By WALTER TOWMAN

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It is a more primitive desire that gets satisfied, be it for no other reason than that the object matters less than weie I to satisfy the original desire. If it is not the dog that I hit, it may be the chair, or I may break a window. If somebody has lost a friend and picks another person for a friend that same day, a person whom he has not known before, we might say he is displacing. We will feel safer calling it so, the less the new-found friend matters as a person and the shorter that new friendship lasts.

Furthermore they are supposed to be on the same substitution continuum and able to do something for the continuum and for each other. Both, smoking and drinking coffee, are forms of sucking. Something like "sucking" or "oral satisfaction" could be the common denominator. Thirdly, their increments, as estimated empirically, say, from the average interval between successive satisfactions, are expressed as a fraction of that intensity, at which the desire is usually satisfied. That intensity is unity.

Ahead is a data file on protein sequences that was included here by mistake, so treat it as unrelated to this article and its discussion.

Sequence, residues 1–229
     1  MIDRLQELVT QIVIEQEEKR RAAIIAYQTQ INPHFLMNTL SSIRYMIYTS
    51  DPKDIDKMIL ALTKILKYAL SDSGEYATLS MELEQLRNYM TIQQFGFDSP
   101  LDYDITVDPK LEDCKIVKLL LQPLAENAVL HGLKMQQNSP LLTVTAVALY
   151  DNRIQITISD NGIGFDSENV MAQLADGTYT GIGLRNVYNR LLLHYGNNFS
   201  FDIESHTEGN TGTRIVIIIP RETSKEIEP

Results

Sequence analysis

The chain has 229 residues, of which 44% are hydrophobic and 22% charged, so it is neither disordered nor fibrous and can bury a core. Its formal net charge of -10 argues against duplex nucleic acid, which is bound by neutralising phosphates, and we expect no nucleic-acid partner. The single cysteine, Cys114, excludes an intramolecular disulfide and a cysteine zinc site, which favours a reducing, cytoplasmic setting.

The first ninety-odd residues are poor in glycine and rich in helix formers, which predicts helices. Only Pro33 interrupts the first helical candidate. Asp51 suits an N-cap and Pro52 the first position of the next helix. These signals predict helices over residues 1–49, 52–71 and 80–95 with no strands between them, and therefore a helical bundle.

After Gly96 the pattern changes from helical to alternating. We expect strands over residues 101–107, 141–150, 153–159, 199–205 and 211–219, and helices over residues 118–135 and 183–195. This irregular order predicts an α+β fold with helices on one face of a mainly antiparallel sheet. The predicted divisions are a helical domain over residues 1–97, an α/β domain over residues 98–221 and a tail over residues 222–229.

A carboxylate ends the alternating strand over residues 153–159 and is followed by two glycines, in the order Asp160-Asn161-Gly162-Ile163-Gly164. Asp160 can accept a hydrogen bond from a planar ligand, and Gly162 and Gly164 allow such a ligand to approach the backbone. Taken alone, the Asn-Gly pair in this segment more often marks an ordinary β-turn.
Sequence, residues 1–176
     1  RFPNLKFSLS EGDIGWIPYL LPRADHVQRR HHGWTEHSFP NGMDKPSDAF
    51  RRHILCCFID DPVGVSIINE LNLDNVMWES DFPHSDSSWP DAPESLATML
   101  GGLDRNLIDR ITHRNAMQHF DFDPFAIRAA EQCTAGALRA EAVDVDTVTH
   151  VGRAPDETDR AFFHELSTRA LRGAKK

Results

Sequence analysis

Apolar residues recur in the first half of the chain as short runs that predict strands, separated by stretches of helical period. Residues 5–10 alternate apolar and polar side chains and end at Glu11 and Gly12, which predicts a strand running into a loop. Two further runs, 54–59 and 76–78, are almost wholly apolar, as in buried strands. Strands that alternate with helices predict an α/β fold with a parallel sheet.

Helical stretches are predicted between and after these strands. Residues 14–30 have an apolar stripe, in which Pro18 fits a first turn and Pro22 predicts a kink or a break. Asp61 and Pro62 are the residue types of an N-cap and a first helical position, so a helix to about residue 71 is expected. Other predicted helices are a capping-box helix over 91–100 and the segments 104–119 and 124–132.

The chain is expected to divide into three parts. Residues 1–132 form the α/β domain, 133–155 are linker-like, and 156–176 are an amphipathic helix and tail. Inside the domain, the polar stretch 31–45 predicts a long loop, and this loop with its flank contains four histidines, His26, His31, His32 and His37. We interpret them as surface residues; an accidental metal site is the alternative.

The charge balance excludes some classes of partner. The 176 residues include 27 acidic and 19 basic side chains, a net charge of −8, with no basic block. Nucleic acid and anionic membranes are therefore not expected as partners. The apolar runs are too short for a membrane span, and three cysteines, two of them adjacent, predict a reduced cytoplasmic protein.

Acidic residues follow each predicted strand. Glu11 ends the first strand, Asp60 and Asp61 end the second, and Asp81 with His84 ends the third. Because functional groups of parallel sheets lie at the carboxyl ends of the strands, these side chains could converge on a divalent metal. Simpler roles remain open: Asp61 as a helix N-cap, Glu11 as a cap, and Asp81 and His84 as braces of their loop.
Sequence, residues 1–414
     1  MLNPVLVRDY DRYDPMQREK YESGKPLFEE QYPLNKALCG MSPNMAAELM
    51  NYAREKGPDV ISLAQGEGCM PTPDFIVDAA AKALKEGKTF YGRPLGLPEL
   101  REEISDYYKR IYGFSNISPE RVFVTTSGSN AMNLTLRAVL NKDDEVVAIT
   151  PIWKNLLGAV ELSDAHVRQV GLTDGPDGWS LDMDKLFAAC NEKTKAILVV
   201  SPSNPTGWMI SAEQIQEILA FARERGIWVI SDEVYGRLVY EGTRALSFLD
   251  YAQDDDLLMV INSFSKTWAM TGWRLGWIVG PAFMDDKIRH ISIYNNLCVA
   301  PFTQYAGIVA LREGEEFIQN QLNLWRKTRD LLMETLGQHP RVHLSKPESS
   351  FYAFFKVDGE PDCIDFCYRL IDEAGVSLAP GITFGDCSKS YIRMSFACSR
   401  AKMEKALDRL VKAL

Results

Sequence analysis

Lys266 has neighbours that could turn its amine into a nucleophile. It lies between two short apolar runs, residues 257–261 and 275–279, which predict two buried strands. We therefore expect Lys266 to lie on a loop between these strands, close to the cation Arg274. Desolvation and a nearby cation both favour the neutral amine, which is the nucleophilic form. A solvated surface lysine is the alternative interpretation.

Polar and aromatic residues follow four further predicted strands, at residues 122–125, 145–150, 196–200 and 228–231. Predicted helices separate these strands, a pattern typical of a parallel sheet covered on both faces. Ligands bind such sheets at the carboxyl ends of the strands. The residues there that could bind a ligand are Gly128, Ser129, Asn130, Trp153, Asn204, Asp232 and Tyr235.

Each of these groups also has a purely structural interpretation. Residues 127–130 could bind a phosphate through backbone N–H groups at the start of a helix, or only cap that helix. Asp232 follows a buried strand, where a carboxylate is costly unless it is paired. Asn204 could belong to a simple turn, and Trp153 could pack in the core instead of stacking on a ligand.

One may doubt, though, whether there is such a thing as behavior without desires involved. In fact, I would doubt it myself. I have indicated already (see p. 3) that we cannot even recognise behavior without hypothesising, inadvertently, the desires that guide it. If we say somebody is running we are naming a complex sequence of behavioral events by the desire that we can make out. We can make out that this somebody wishes to get from one place to the other, to a place ahead of him, faster than usual.

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